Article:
A Bullfrog in your Basecamp

As a longtime audiophile, I’ve always appreciated the high end sound of Kicker. Founded in 1973 by Steve Irby in his garage in Stillwater, Oklahoma, Kicker pioneered the first full frequency-range speaker box designed specifically for cars and trucks. Their iconic “truck box” speaker paved the way for the mobile audio genre as we know it. Now, they’re making wireless speakers for outsiders like us. The latest in this lineup is the Bullfrog Series.

Recently, I was contacted to perform an independent, unbiased review of their new Bluetooth wireless speaker.

Yes, you read that right. And now you’re thinking, “how the hell can anyone provide an unbiased review on free gear?” To this I say, that’s a GREAT question and one I’ve given much thought to lately. This community was founded on telling it like it is and that continues here with Adventurist Life Magazine. We’re keen on breaking the current paradigm of advertorial pablum, especially in the Overland segement. So if something sucks, rest assured that we will say so.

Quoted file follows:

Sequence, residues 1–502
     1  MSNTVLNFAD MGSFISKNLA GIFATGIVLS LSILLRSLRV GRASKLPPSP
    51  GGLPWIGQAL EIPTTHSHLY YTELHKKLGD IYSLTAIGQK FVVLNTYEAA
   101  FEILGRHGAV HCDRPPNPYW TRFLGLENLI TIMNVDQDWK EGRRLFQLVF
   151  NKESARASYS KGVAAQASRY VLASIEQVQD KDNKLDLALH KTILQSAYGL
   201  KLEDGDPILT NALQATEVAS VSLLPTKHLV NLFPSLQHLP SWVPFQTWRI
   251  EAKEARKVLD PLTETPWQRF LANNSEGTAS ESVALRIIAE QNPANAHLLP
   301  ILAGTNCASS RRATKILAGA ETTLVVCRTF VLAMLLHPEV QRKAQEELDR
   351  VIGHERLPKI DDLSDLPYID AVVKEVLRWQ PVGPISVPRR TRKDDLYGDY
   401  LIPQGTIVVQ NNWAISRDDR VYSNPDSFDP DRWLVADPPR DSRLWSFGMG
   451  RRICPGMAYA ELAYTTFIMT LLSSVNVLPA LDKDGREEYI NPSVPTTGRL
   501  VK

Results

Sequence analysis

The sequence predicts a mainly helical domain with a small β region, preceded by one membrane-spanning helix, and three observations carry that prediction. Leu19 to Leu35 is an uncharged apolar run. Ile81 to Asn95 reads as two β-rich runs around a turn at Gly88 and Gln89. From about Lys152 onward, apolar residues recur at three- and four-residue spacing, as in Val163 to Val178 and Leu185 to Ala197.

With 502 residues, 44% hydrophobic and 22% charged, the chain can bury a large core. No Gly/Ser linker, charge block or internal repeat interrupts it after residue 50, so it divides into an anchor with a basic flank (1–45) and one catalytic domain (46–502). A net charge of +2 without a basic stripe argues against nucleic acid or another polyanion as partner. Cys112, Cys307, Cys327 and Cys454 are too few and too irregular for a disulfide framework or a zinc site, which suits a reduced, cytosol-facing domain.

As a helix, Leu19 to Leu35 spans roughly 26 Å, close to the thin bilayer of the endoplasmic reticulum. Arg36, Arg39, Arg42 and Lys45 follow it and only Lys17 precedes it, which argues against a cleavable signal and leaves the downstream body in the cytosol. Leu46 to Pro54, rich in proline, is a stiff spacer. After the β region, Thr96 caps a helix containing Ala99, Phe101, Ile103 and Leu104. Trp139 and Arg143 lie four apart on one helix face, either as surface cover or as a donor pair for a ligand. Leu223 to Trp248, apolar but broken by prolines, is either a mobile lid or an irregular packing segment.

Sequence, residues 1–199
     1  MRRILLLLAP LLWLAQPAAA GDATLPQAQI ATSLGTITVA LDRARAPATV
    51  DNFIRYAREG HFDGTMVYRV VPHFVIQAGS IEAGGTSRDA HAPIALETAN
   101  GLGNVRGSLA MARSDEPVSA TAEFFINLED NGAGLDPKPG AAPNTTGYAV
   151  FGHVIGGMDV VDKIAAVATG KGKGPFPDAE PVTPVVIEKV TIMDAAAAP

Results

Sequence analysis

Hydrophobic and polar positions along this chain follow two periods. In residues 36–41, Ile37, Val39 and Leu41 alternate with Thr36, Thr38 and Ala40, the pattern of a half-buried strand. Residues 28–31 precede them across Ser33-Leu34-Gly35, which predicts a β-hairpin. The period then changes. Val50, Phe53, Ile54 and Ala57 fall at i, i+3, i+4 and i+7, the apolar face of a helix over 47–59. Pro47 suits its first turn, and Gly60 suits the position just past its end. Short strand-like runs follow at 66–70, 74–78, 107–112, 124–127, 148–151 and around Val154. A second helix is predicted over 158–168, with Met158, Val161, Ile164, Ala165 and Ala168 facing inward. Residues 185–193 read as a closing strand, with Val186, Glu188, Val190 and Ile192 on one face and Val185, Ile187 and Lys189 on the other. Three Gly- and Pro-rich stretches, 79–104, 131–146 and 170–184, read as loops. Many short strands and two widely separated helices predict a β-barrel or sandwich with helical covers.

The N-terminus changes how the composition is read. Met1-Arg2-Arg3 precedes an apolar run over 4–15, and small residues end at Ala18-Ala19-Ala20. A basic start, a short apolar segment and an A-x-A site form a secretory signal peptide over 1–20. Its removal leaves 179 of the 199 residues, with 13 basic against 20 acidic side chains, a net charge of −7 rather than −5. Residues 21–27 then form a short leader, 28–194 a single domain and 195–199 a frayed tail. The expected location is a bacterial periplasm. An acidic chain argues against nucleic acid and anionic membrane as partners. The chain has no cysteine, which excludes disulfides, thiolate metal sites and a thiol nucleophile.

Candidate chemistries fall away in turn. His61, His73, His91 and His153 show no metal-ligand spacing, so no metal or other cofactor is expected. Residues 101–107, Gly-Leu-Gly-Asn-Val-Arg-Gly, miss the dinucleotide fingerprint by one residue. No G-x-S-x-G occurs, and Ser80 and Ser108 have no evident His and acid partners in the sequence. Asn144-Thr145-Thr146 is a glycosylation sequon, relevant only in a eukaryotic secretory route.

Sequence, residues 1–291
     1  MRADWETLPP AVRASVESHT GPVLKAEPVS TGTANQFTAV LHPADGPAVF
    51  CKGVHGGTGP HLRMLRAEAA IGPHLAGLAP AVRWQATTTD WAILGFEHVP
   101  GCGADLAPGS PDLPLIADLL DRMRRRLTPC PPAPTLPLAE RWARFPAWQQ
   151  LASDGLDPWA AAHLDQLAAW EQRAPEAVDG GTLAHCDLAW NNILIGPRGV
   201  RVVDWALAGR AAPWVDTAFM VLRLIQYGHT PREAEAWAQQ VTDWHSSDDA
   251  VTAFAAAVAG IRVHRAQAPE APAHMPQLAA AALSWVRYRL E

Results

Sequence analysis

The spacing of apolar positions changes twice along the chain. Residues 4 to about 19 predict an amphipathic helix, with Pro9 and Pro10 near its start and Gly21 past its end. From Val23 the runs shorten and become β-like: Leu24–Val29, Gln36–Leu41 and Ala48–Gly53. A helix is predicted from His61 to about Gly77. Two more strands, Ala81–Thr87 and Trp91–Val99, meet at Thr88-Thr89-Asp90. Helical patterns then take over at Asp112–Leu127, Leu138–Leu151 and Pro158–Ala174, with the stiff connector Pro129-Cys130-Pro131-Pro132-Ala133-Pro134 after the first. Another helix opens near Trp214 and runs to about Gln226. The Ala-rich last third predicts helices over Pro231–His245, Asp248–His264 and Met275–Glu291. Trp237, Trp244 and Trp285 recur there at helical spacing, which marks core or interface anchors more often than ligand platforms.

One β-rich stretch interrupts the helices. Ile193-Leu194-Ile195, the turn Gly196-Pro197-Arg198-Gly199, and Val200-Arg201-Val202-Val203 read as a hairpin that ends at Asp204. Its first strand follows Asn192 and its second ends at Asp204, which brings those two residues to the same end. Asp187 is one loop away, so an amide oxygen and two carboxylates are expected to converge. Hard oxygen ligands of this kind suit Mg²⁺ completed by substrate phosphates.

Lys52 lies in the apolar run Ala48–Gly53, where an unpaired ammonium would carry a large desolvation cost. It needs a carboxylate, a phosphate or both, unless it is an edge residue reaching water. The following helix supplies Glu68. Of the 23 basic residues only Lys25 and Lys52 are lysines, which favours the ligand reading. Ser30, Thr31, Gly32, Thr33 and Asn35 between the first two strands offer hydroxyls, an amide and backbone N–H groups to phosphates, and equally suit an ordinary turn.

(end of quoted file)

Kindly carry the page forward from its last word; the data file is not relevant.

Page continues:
Advised up front of my intent to be brutally honest, I was amazed when Kicker still wanted us to review it.

So let’s do this – I bring you the Kicker Bullfrog BF400 Bluetooth Music System. The 400 is the largest of their lineup, which comes in three sizes and two colors.

First Impressions:

I’ve been listening to this thing in the garage and around camp for going on two months now. The first thing I noticed on grabbing the box was that it’s heavier than it looks (Kicker lists it at 8.6 pounds). So unless your last name is Sasquatch, scratch this from your backpacking gear list in favor of a gallon of water at a mere 8.3 pounds. This little guy is a serious basecamp speaker that can serve double duty as a kettle bell so it’s best transported by sherpas or combustion engine. But anyone who knows anything about speakers knows that a hefty magnet is a good indicator of sound potential, so after the initial charging we took it for a spin. It did not disappoint.